During Thursday morning’s broadcast of CNN This Morning, Lemon adamantly argued that the U.S. men’s national soccer team should get paid more than the women’s team despite their lack of comparative success, telling his female co-hosts Poppy Harlow and Kaitlin Collins that the men are simply “more interesting to watch.”
Needless to say, the conversation became increasingly uncomfortable as Collins and Harlow pushed back on Lemon—who insisted that he wasn’t being “sexist.”
Due to a new collective bargaining agreement between the United States Soccer Federation and the men’s and women’s unions, the women’s national team will make at least three times as much from this year’s men’s World Cup as they did for winning the 2019 women’s World Cup. That’s because the men, who advanced to the round of 16 with a win over Iran, are guaranteed at least $13 million in prize money.
Explaining the disparity in prize money for the two tournaments and the agreement to share earnings between the men’s and women’s teams, CNN data reporter Harry Enten also noted that the U.S. women’s team has been far more successful on the international stage than the men.
“The women’s World Cup titles—they have won four since 1991. The men’s World Cup titles? They have won zero since 1930,” Enten said. “So yes, the men’s tournament brings in more money, but when it comes to the U.S., I make the argument the women’s team is far more responsible for the boost in popularity in soccer.”
Lemon, however, immediately jumped in to “make the exact opposite argument,” acknowledging that “everyone is going to hate” him for what he was about to say.
“But the men’s team makes more money. If they make more money, then they should get more money,” the veteran CNN host stated. “The men’s team makes more money because people are more interested in the men!”
Cutting him off, Harlow replied she “has a big issue with this” before pointing out that the WNBA suffers from the same issue.
“There’s also more interest in the NBA,” Lemon interrupted.
“Hold on. Hold on! Until big media companies, Big Tech companies, advertisers, invest and put them on their airwaves more and allow people to see it more and gain more fans,” Harlow shot back as Lemon tried once more to interrupt. “Then you will push towards more equality. But if they are blocked in so many ways and not invested in as much, they don’t even have a chance.”
Lemon, meanwhile, asserted that he’s “not sexist” because he grew up in a “family of all women” before resuming his argument that the men’s soccer team was superior to their female counterparts.
“I understand what you’re saying. But not everybody, honestly, has the same skill. Not everybody has the same interest in the sport. I think the women should be paid more, I do,” Lemon declared.
“You’re right that not everyone has the same skills because the women have better skills,” Collins drolly fired back.
“Mic drop!” Harlow added.
“The women are better skilled against other women,” Lemon plowed through. “But if the women played the men, they wouldn’t be winning the way that they win.”
After Harlow said she was “not going to get into that argument,” Lemon supported his case that “people are more interested” in the men because whenever he goes to a sports bar, patrons will ask for a women’s game to be flipped over to a men’s sporting event.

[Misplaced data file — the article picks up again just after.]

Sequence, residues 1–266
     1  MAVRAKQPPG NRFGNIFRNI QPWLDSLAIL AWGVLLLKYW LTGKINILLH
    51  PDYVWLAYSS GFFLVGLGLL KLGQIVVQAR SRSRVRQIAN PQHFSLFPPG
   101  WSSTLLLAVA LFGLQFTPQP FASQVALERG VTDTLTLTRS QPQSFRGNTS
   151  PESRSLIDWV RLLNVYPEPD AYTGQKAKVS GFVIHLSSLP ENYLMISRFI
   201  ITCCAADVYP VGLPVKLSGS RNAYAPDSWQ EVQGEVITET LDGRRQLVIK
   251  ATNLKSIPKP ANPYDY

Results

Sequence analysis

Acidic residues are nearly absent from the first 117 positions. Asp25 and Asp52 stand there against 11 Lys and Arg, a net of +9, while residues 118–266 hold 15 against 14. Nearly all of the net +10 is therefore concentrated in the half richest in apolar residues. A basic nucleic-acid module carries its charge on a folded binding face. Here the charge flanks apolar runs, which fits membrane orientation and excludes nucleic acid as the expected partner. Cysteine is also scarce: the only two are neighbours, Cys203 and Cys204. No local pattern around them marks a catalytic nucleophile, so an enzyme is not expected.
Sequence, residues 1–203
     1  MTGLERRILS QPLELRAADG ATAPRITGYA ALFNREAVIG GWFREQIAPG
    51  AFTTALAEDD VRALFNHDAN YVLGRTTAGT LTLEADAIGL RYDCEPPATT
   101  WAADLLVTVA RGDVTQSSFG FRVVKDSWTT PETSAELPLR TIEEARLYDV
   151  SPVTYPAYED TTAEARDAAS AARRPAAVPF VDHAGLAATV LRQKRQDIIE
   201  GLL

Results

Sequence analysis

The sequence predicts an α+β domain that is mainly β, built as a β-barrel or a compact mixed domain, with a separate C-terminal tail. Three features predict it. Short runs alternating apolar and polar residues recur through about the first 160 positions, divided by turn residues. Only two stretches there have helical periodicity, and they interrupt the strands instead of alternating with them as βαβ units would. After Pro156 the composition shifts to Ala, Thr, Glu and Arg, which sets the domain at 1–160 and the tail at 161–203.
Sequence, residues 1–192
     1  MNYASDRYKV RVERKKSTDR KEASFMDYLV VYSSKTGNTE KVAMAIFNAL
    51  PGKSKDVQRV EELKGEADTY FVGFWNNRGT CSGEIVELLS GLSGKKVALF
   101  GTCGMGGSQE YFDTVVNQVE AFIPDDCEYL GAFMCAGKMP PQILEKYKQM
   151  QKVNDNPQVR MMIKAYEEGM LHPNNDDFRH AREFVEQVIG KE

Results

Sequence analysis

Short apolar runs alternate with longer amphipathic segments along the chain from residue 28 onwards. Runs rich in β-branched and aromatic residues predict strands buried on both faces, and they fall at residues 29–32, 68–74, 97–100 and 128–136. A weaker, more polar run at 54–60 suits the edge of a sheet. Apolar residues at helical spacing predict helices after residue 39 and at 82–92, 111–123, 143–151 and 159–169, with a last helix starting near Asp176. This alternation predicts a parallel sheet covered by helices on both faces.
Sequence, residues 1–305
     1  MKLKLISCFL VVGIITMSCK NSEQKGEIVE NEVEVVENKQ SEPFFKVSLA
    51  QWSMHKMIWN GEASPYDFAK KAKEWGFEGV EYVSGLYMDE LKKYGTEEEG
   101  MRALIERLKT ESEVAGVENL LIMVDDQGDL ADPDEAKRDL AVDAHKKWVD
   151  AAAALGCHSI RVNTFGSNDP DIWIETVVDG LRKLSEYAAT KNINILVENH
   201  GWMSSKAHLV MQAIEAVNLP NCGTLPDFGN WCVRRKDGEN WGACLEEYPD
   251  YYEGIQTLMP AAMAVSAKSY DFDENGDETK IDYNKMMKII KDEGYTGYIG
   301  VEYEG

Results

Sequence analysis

“Guys, am I wrong?!” Lemon exclaimed at one point, seemingly addressing the production crew. “You cannot make people become interested in things they aren’t interested in!”
Even after Enten pointed out that the women’s soccer fanbase has been climbing exponentially in recent years, Lemon continued to argue that the men’s team should take the lion’s share of the World Cup earnings.
“So I’m saying they should get paid more money, but if there’s more interest in the men’s and more money is coming in in the men’s sports, those men are entitled to that money,” Lemon exclaimed.
“But I don’t think you’re looking at the root of the issue, which is why are people more interested in the men’s sports,” Collins wondered.
“Because it’s more interesting to watch,” Lemon proclaimed, immediately drawing the ire of the entire set.
“I’m kidding. That was a joke, I didn’t mean that,” he insisted as his colleagues objected to his remarks.
“That’s not true,” a perturbed Collins reacted.
“I take that back. I’m joking,” Lemon reiterated. Eventually, Enten related his experience watching the women’s exciting victory in the 1999 World Cup, adding that “there’s nothing more boring than watching the men’s U.S games” and “just because something makes more money, it doesn’t make it a better product.”
“Thank you, Harry,” Collins responded.
“It is exciting. I’m not saying it’s not more interesting to watch,” Lemon said, attempting to smooth things over. “That was just a joke. There’s more interest in the men simply because it is what it is.”
At this point, Harlow wanted to see if Collins wanted to get one final word in on this issue, only for Collins to say, “I would like to move on because I think we have a lot of news to get to.” Lemon, of course, didn’t want to drop it.
“This is a very important conversation, I think. You know, it’s about the dollars,” Lemon said.
“But it’s about the historical aspect of why men dominated sports and why people pay more money,” an exasperated Collins retorted.
“There’s more money in the men’s sport. It is what it is,” Lemon repeated.
“That’s the problem! That’s what we’re saying,” Collins concluded.